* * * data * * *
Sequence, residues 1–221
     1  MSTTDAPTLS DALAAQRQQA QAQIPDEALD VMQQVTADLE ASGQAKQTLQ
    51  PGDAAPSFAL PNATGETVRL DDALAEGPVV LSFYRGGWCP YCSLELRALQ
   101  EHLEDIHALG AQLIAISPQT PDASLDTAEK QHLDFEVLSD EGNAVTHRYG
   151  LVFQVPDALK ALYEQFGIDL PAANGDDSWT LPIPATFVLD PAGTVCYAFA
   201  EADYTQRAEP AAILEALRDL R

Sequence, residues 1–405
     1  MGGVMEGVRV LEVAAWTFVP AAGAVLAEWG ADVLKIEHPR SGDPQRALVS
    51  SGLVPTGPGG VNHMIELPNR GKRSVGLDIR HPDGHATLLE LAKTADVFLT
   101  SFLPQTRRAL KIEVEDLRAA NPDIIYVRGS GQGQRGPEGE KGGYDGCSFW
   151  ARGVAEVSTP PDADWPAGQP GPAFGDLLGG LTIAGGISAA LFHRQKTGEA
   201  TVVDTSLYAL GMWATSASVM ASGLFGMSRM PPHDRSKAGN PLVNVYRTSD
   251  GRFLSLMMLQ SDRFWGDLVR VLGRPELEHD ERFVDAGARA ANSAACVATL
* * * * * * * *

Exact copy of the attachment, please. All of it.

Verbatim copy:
Sequence, residues 1–221
     1  MSTTDAPTLS DALAAQRQQA QAQIPDEALD VMQQVTADLE ASGQAKQTLQ
    51  PGDAAPSFAL PNATGETVRL DDALAEGPVV LSFYRGGWCP YCSLELRALQ
   101  EHLEDIHALG AQLIAISPQT PDASLDTAEK QHLDFEVLSD EGNAVTHRYG
   151  LVFQVPDALK ALYEQFGIDL PAANGDDSWT LPIPATFVLD PAGTVCYAFA
   201  EADYTQRAEP AAILEALRDL R

Sequence, residues 1–405
     1  MGGVMEGVRV LEVAAWTFVP AAGAVLAEWG ADVLKIEHPR SGDPQRALVS
    51  SGLVPTGPGG VNHMIELPNR GKRSVGLDIR HPDGHATLLE LAKTADVFLT
   101  SFLPQTRRAL KIEVEDLRAA NPDIIYVRGS GQGQRGPEGE KGGYDGCSFW
   151  ARGVAEVSTP PDADWPAGQP GPAFGDLLGG LTIAGGISAA LFHRQKTGEA
   201  TVVDTSLYAL GMWATSASVM ASGLFGMSRM PPHDRSKAGN PLVNVYRTSD
   251  GRFLSLMMLQ SDRFWGDLVR VLGRPELEHD ERFVDAGARA ANSAACVATL